There is no wilderness. Ten thousand years ago hunters wiped out most of the major mega-fauna in all the forests and from then on all land is a commodity. From then on society has been looking for a way to employ all property, all species. The question is what is the "highest and best use"? Is it strip farming, or biodiversity cultivation that enables the tens of thousands of species living there to do jobs for us.
Taking conservation out of a the government run model and evolving a new contributing component of society expands the political base. Making locals' livelihoods dependent on conservation and ecotourism mobilizes the voters to support the conservation activities.
Big as life and twice as opinionated, the renowned preservation biologist Daniel Janzen spoke for The Long Now on Friday, April 9, 2005. His perspective on preservation may be jarring to some: "It’s ALL Gardening".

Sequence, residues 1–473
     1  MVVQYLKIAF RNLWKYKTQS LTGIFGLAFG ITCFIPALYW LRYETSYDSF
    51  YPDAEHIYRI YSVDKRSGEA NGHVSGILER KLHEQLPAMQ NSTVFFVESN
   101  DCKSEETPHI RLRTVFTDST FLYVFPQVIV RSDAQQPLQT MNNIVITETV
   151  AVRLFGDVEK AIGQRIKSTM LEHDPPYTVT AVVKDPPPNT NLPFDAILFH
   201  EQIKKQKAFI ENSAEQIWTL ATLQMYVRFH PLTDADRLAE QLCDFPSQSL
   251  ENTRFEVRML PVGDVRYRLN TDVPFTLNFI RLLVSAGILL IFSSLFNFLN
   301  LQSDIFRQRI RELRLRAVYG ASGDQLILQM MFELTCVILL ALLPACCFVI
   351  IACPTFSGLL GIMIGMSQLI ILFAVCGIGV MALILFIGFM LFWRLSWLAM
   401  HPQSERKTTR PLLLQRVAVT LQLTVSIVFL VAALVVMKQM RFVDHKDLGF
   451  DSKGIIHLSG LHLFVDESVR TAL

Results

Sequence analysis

Dan Janzen is most widely known for his heroic efforts helping set all of Costa Rica on a preservation path, ensuring that the mega-diverse nation continues indefinitely as a haven for science and eco-tourism. His particular focus, Guanacaste Conservation Area, was recently declared a World Heritage Site by UNESCO. His ongoing work there in field taxonomy and innovative preservation practices led to his receiving the Crafoord Prize (1984), the Kyoto Prize (1997), and the Albert Einstein Science Prize (2002). Professor Janzen teaches at the University of Pennsylvania.